Ronan grew up in the small Irish farming village of Ballyjamesduff, near the Irish border and since migrating to Australia in 1989 has lived and worked in Brisbane. He was elected to the Queensland Parliament in 2001 at age of 25, and is now serving his third term as the Member for Indooroopilly.

Ronan's 2006 Campaign Launch with Bill Shorten at the St Lucia Bowls Club.

Ronan has built a reputation as a hard working local member who doesn’t compromise when it comes to getting the best for his electorate. He is a member of many environmental groups, including The Wilderness Society, Oxley Creek Environment Group and the Cubberla-Witton Catchment Network. He has been a vocal advocate for many environmental issues, including protecting Queensland’s wild rivers, ending broad scale tree clearing and banning duck shooting. Ronan is passionate about protecting Cape York for future generations.

Campaigning in 2005 to protect Queensland's Wild Rivers.


Posted by editor at 2:36 PM NZT
Updated: Monday, 6 October 2008 2:49 PM NZT
Google Earth reveals illegal drain intercepting Tinda Creek to World Heritage area?
Mood:  sharp
Topic: legal

Picture above: Location of sand mine impacting Tinda Creek near Mellong along Singleton Rd north of Windsor in NSW which flows into Wollemi World Heritage area. These images following are from Google Earth today and date from sometime around 2003. The latest image is from May 2005 below via Hawkesbury City Council file.

Picture above: Mellong in the World Heritage listed Blue Mountains region is at top left of the image.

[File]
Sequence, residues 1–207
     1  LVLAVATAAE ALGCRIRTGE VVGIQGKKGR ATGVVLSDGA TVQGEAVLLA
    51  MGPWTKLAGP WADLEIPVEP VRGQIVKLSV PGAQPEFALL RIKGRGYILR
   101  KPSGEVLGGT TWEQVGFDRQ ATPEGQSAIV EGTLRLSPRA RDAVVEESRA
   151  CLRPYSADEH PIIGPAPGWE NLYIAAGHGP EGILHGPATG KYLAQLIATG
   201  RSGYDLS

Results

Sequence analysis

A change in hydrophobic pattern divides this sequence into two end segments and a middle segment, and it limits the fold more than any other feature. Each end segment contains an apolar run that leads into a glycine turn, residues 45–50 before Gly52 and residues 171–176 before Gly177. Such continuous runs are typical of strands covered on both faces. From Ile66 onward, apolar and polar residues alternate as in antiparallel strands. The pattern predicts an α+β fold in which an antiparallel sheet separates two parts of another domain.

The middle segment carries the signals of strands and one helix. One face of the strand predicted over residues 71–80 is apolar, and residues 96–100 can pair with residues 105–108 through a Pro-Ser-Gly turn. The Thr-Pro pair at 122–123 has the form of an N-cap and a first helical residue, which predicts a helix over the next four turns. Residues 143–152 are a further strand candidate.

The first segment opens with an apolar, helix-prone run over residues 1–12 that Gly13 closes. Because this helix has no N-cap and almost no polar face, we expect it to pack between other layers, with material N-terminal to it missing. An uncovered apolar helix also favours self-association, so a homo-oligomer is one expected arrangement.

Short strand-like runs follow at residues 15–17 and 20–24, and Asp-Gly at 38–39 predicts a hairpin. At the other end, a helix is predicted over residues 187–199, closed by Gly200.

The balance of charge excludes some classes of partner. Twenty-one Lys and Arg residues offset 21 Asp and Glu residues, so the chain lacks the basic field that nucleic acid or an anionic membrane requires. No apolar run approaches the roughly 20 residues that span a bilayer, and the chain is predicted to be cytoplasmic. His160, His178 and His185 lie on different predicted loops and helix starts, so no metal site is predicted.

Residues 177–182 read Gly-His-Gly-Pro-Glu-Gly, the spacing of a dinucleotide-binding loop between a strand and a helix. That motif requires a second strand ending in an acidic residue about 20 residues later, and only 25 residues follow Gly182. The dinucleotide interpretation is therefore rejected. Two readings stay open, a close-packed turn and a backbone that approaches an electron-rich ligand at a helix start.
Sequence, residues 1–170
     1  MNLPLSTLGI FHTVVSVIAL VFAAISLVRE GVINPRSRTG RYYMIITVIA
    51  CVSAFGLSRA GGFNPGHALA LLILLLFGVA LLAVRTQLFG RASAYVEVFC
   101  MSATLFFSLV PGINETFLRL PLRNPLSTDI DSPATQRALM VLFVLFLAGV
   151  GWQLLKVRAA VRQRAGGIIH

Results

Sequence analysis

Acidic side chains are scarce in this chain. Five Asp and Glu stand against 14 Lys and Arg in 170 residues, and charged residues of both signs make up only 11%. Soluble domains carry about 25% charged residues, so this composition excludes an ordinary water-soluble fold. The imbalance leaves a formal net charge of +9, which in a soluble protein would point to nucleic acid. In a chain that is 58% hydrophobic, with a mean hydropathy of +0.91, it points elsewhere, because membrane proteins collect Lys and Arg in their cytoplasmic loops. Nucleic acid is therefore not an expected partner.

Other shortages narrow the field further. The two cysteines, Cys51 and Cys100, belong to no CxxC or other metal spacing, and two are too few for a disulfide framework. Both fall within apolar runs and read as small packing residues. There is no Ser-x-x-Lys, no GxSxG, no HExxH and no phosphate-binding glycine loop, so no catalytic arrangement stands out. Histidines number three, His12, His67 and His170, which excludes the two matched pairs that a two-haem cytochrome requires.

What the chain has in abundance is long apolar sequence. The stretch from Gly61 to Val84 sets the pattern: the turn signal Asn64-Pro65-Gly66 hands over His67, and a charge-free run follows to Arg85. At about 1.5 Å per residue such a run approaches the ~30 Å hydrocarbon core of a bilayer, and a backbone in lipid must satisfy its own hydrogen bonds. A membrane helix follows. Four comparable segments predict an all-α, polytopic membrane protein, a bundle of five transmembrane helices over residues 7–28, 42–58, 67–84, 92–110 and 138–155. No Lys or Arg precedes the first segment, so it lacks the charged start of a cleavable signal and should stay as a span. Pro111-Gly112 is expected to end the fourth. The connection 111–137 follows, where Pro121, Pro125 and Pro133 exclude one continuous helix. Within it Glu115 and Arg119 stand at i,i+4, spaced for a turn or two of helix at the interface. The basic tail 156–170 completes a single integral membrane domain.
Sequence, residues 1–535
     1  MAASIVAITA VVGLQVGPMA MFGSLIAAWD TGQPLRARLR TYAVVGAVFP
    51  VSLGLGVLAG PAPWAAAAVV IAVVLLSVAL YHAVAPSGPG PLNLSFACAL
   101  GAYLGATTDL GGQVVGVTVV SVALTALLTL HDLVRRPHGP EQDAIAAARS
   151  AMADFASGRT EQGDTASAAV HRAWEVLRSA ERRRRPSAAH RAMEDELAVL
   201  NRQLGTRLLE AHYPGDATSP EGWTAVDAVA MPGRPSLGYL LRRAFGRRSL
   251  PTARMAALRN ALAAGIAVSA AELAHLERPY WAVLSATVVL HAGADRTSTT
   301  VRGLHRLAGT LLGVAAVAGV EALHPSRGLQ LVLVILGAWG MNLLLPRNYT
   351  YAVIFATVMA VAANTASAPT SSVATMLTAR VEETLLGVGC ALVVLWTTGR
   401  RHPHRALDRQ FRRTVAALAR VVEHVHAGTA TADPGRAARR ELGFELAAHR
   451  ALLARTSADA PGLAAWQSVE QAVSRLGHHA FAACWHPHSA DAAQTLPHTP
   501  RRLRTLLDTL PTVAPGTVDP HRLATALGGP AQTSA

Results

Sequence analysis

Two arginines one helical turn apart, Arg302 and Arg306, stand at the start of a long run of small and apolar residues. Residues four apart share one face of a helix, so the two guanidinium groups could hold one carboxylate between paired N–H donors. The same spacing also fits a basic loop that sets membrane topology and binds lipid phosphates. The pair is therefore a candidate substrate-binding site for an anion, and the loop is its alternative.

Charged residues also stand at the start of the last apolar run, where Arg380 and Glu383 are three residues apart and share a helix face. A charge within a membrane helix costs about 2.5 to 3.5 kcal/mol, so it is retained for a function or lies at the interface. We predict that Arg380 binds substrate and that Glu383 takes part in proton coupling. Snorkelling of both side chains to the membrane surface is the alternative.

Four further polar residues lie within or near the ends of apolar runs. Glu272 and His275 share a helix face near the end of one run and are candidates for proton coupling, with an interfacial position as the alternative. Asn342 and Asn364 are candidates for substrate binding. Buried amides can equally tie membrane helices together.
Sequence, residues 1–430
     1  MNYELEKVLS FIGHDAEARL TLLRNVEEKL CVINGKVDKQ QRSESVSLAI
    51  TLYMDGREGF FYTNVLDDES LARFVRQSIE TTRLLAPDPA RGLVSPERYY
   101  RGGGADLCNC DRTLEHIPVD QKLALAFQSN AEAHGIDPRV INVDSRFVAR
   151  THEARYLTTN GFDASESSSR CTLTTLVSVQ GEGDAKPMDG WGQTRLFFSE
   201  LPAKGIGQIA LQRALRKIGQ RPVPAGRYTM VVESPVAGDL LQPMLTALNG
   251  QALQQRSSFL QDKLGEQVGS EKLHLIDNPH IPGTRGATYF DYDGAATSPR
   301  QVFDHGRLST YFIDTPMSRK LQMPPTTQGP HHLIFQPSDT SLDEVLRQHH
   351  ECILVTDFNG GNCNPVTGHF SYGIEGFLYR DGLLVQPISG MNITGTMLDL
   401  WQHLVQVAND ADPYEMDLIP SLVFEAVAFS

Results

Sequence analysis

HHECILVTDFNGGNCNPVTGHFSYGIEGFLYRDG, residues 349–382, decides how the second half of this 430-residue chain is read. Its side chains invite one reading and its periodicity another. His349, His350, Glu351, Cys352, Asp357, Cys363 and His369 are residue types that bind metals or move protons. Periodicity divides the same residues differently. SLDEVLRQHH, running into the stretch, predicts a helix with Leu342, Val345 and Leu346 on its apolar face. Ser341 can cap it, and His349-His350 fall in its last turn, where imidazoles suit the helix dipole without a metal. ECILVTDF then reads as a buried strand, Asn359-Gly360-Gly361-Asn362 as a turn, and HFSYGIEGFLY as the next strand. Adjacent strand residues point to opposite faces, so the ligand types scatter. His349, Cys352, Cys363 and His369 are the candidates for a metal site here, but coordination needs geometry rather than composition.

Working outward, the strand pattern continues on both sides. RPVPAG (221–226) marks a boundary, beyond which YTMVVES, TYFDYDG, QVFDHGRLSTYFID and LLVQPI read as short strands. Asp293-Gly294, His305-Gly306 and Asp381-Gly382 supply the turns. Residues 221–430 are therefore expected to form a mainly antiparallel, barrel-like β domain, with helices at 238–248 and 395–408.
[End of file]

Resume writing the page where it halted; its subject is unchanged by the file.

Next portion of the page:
Picture above: Taken 6th May 2005 by Hawkesbury City Council in overflight showing about 40% out of approved area, and starting to encroach on the northern side (top left of image) into Lot 1 with  no legal development consent in either place. Sand mine operated by Birdon Contracting Pty Ltd at Mellong with huge tailings pond which in the 1980ies comprised the wetlands and headwaters of Tinda Creek, into the Wollemi and then Colo River. Compare Google picture below which despite the 2008 copyright indicates about 2003 stage of workings (less excavation, less tree clearing, less encroachment on unapproved land).

Picture above: Image on Google Earth today but dating from around 2003 given the comparison with HCC May 2005 picture above. Here in 2003 showing much less excavation and smaller tailings pond, and less trees cleared in the east and north of the site.


Picture above: The Wilderness Society endorse the campaign to protect the water resources of Wollemi national park, world heritage area.